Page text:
by Anna Koupourtidou
Damien Hirst’s creation - For the love of God- received plethora of critiques. His artwork evoked widespread commenting, by both the media and the press, since it was initially introduced to the public.
The creator alternatively named the art piece The Skull because these are the words his mother initially thought when she saw the artwork. “This creation is an eighteenth century human skull encrusted with 8.601 diamonds, weighing 1100 carats and adorned on the forehead with a 52.4 carat pink diamond”( O'Reilly and Kerrigan, 2010). The teeth are real and belong to the original skull (Jones, 2011). This controversial piece of artwork is believed to fall within the region of 12 to 15 million pounds. It has been described as the most expensive diamond-related project since the creation of the crown jewels. In addition, the innovative artist produced a net evaluation of 50 million- highest priced-artwork ever recorded by a living artist (O’Reilly and Kerrigan, 2010).
The interesting part here is that the association of Damien Hirst’s name with monetary indulgence was already well established, even before the Skull appeared.” In producing the most expensive work sold by a living artist, he broke his own record set by death of a lullaby winter-a collection of pills on shelves sold for 7.4 million in 2007” ”( O'Reilly and Kerrigan, 2010). Damien Hirst was here to stay, acclaimed as not only a man that succeeded a considerable fortune but also a daring innovator within a “rapidly burgeoning art market”. Was Damien Hirst the art market Master or someone who was just parodying the art world?
Meanwhile, this tremendous success resulted in Charles Saatchi’s purchase of a large amount of Hirst’s work. Saatchi was regarded as an educated collector. This involvement increased the prestige on Hirst’s work, automatically translating any Hirst work into a “valauable commodity”. The noise around Hirst’s name was followed by strategic artwork purchases including names such as Steve Cohen and other wealthy buyers. It was highlighted that whilst public institutions such as Tate Modern cannot afford that type of purchases, the Museum of Modern Art in New York exhibited Hirst work but on loan from the owner who happened to be Steve Cohen(O'Reilly and Kerrigan, 2010).
In short, all this discussion raised the concern for such practices- “why art collectors bid up the prices of controversial pieces and then act as museum curators?” The intermediary system of the art world was lost in space. Major art critics were discussing about the astronomical prices achieved by artists such as Damien Hirst that have ended up empowering financially strong buyers. What about the core of the art world- critics, curator’s and the industry’s experts that have been undermined? Adrian Searle (2005) stated that “Never has money been so powerful” and Robert Hughes (2008) characterized Hirst “a pirate” because of the strategic commercial techniques he used to create recognition and significance for his work, within a pseudo reality of “wannabe-collectors”.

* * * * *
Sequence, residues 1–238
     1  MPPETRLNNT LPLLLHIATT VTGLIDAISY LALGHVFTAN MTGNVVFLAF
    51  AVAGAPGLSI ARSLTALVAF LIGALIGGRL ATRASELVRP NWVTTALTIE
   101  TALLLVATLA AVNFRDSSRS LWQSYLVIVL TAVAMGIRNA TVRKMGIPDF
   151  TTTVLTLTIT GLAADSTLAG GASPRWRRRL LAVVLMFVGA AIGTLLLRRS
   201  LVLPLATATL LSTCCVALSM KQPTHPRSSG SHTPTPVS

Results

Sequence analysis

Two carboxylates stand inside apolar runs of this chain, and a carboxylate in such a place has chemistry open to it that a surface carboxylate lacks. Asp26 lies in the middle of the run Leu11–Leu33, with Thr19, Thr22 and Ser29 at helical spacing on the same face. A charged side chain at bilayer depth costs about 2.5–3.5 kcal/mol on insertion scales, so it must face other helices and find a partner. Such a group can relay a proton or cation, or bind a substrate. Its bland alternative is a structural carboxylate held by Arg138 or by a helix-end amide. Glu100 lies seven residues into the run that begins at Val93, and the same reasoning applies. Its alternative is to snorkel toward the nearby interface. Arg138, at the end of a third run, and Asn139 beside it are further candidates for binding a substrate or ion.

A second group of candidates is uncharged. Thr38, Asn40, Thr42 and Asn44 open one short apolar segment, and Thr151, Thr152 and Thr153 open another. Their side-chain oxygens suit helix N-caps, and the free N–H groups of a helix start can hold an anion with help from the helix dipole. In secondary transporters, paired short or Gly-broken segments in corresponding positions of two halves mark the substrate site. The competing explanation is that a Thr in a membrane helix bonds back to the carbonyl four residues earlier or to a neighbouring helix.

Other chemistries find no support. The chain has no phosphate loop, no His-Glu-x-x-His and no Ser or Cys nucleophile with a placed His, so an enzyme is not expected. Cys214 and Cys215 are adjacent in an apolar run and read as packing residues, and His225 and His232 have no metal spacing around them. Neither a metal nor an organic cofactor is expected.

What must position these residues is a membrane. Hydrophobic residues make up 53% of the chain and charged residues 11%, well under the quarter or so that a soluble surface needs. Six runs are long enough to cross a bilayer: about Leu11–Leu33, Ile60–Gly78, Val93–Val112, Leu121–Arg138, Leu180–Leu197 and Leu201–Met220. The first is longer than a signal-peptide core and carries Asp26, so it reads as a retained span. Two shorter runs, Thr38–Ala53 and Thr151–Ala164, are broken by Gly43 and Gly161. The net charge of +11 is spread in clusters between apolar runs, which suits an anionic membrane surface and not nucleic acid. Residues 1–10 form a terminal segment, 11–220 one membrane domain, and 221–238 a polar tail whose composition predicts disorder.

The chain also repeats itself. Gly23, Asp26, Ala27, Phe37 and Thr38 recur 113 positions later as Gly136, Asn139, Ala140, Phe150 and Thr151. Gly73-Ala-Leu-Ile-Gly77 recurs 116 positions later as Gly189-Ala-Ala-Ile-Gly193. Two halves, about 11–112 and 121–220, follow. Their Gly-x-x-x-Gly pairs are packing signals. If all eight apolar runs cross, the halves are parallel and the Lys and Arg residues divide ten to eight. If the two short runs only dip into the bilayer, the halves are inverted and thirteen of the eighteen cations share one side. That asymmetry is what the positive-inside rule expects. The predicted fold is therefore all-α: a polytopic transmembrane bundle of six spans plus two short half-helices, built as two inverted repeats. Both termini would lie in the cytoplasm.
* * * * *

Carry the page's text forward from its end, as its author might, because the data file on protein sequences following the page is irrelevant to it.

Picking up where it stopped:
On the other hand, Germaine Greer (2008) positioned Hirst as a very successful brand because in our century art equals marketing and marketing equals art. Undoubtedly, Hirst branded himself very effectively and from an artist he was transformed into a manager.
At this point, it is crucial to discuss the topic using the philosophical theory of experientialism. An experientialist’s perspective discusses artwork as a matter of aesthetic experience. In Hirst’s case, experientialism acts as the magic wand that disregards the strong critical evaluation of the art piece in monetary terms, creating a balance between the actual art and its commerce context. “The darkness is a work of art, itself. Perhaps it is the real work of art […] in two minutes the iridescent object can only register as a dream of eye sockets that are blue-green pools sunk into a shimmering spectral mask.” (O'Reilly and Kerrigan, 2010)
The Skull is the modern example of commercial artwork that raises the discussion on the financial value of any artwork resulting, many times, in the omission of the actual aesthetic experience. In fact, theory suggests that experientialism can be considered as the possible framework that will be able to explain artwork similar to Hirst’s innovations beyond financial incentives. As many philosophers discuss, there are times it is not the object but the experience that makes any aspect of consumption sensible and art indeed represents a big part of consumption”( O'Reilly and Kerrigan, 2010). On the other hand, art is not always made to make sense to the crowd and many times negative impressions are considered positive enough to increase monetary values in the modern world of successful artists/ businessmen. There are so many ways to make it visible, popular and appreciated, like Andy Warhol successfully did (Jones, 2011). Ladies and gentlemen, welcome to the world of contemporary art. Any kind of popularity makes the world go round and art is being shaped and reshaped from different trends and opinions. This is the contemporary world. This is contemporary art, isn’t it?
To conclude, all these should make us (re)think; either being art critics, marketers or consumers, if the association among marketing and the arts should really exist or it is just another pretentious necessity of our generation. And if we talk about a real bond here, how it can be regenerated for the common good of both sides?
Jones, J. (2011). Damien Hirst's skull tasteless? That's the point | Jonathan Jones. [online] the Guardian. Available at:
http://www.theguardian.com/artanddesign/jonathanjonesblog/2011/feb/22/damien-hirst-diamond-skull [Accessed 30 Jan. 2016].
O'Reilly, D. and Kerrigan, F. (2010) Marketing the arts. Milton Park, Abingdon, Oxon: Routledge
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